Implementation Plan nearing Phase 1 construction
A long road of planning is in the rearview and the city is at the doorstep of decision time for the Downtown Implementation Plan.
Consulting firm Bolton and Menk and city staff have conducted community surveys, held discussions on the plan and researched seemingly every facet of work that could and should be done.
The first, and possibly biggest decision to date, will be where exactly to start on such a large revitalization project. The Marshalltown City Council is in the midst of discussing budgeting and bonding for future projects which include fixing streets, the South Center Street viaduct and downtown buildings. How the first downtown project will fit into plans has not been set in stone yet.
During the June 28 council meeting, the council approved a resolution accepting the Downtown Implementation Plan. Bolton and Menk architect Casey Byers laid out a proposed schedule of phases to divide downtown revitalization projects into logical pieces.
The first of these phases is the reconstruction of State Street. This would include infrastructure improvements like sewers and water mains, streetscaping and creating bike lanes for two-way bike traffic.
The bike lane portion of the project would take bike traffic off of Main Street and move it north one block to State Street. This is in conjunction with possible parking changes on Main Street to preserve the overall safety for bicyclists traversing downtown. There has been conversation about changing some of Main Street’s parking to angled parking, rather than parallel parking, but no firm decisions have been made on this front.
“We think that bike lanes and angled parking don’t really go well together,” Byers said. “Two-way bicycle traffic on State Street creates a nice east and west connection in downtown.”
The estimated cost of Phase 1A work on State Street is $6.37 million at a cost of more than $1 million per block. This includes pedestrian alley work estimated at $49,060.
Though the implementation plan has been accepted as a whole, details to how it will be fully realized are still in discussion. These discussions will continue during regular council meetings, which are open to the public.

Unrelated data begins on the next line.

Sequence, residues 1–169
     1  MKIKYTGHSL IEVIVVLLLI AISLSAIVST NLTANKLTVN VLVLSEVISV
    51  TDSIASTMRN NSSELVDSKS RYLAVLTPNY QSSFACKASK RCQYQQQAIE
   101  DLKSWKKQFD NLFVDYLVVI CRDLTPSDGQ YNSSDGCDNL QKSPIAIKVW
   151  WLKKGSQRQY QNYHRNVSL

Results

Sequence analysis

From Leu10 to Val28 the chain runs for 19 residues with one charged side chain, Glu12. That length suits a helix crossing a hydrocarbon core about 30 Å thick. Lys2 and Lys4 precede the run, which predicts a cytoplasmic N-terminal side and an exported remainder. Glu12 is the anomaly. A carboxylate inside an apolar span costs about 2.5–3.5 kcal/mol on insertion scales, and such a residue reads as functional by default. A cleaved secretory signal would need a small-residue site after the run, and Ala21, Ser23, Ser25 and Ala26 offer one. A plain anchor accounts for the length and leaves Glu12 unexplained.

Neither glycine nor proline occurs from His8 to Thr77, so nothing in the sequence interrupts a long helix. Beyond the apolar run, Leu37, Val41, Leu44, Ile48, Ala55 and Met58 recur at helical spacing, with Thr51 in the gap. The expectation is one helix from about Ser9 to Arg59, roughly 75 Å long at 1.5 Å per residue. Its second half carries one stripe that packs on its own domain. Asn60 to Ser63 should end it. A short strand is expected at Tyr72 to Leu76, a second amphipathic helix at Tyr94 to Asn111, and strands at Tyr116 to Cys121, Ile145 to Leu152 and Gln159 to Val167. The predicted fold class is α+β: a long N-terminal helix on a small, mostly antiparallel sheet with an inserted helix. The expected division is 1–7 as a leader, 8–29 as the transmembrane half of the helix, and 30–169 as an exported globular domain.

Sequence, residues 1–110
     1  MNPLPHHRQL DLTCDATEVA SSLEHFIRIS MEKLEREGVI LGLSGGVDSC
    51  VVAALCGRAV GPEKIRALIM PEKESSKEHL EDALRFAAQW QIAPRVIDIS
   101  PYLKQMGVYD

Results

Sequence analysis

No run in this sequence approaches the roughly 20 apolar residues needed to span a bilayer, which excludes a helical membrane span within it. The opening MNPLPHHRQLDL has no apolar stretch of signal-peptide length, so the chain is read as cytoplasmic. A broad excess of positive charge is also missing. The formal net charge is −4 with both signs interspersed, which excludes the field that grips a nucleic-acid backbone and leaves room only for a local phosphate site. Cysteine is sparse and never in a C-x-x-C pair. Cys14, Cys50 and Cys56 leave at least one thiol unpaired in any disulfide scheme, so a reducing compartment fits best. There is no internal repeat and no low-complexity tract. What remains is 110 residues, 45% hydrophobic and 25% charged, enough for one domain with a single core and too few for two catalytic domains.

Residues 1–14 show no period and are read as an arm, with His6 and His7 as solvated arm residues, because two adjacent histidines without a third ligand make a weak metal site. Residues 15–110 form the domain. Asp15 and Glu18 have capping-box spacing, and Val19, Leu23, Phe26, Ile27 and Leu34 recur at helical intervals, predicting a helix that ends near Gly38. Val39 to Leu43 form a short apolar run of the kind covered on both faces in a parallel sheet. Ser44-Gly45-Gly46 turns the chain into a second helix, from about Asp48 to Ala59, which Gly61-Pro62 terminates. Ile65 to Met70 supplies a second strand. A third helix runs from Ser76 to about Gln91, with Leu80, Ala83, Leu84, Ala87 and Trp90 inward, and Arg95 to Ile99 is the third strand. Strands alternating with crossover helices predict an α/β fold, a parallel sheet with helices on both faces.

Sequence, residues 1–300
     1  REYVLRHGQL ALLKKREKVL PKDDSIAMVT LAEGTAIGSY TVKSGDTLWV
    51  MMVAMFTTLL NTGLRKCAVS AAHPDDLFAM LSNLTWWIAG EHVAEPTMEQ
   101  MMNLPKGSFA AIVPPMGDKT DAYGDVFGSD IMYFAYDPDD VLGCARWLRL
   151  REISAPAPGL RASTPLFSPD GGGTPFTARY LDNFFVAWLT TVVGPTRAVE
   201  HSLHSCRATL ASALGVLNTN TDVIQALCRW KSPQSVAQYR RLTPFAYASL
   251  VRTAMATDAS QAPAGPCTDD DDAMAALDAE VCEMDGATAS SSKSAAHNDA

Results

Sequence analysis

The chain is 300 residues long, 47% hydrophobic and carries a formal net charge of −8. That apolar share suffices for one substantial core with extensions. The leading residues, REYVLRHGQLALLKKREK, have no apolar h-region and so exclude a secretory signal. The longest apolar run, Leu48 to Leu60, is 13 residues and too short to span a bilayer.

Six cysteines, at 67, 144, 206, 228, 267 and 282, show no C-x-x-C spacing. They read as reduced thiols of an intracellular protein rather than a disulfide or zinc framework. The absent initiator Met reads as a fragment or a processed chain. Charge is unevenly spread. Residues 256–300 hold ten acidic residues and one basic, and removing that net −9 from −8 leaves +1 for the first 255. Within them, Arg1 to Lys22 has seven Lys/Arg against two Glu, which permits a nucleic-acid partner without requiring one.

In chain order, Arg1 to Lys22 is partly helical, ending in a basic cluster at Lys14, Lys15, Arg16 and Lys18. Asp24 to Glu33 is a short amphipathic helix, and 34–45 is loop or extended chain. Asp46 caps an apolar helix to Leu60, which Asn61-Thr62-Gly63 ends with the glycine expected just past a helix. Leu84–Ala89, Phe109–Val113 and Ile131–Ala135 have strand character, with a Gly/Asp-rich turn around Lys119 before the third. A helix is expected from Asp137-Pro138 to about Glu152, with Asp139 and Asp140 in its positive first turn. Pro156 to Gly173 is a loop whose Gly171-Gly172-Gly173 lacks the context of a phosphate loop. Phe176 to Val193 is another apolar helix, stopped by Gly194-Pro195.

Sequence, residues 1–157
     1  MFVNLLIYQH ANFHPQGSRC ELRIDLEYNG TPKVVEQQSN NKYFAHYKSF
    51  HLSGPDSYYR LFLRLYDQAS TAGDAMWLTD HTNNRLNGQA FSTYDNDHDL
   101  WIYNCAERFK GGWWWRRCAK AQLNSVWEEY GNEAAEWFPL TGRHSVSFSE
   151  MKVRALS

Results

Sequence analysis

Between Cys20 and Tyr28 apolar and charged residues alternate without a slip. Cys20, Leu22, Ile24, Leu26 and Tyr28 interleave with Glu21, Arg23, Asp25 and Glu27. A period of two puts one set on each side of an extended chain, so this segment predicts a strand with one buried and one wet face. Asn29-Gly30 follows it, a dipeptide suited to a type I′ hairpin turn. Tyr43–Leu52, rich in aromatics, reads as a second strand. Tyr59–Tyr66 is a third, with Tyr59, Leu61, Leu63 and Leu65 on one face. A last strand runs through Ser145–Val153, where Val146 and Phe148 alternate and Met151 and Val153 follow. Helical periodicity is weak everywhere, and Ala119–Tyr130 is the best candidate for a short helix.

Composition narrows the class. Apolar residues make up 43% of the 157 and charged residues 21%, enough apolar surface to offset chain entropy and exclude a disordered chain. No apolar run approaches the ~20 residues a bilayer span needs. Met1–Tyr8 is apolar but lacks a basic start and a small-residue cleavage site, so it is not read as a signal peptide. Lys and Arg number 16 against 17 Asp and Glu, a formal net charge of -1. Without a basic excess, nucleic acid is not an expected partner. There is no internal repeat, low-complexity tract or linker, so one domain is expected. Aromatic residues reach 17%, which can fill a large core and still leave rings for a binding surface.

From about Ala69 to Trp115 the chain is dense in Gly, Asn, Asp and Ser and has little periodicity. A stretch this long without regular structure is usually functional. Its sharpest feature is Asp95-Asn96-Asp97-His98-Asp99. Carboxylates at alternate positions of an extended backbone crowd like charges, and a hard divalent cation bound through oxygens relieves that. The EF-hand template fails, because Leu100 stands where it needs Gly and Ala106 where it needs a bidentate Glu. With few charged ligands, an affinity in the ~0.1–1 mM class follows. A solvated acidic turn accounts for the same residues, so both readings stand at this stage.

“They haven’t decided on all of the details,” said Michelle Spohnheimer, housing and community development director. “We’re still in the very preliminary stages. We’re starting to work through what that first project might look like.”
During the July 12 council meeting, the council received a report on the condition of the whole of Marshalltown’s streets. In this report, Marshalltown has more than 40 percent of its streets in ‘Poor’ or ‘Very poor’ condition. City Engineer Jay Koch said in order for the city to start gaining ground on its deteriorating streets it would need to increase its budget for street repairs, which is about $3 million now. The projected budget mark which would start to gain ground would be between $6-8 million.
During the same meeting, the council approved relaxing its self-imposed borrowing limit of 60-percent of its debt capacity. The new limit it decided on was 75 percent. This does not mean the city will immediately borrow 75 percent of its debt capacity, but it gives the city more wiggle room to borrow for big projects.
The need for overall street reconstruction and increased room for borrowing can play into how and when Downtown Implementation Plan projects get done.
“These are decisions the council will be making in the next month to really figure out what is that priority,” Spohnheimer said. “Taking funding for streets is going to mean other funds for other projects are not going to happen. If you’re only willing to go up so much in bonding capacity, that means you’re going to have to choose those projects.”